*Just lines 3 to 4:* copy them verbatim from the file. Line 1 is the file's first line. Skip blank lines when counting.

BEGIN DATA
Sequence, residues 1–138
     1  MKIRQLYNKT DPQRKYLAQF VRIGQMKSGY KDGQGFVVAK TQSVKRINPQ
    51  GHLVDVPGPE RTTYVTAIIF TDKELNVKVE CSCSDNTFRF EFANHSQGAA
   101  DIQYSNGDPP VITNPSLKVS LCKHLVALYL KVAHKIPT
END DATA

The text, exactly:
    51  GHLVDVPGPE RTTYVTAIIF TDKELNVKVE CSCSDNTFRF EFANHSQGAA
   101  DIQYSNGDPP VITNPSLKVS LCKHLVALYL KVAHKIPT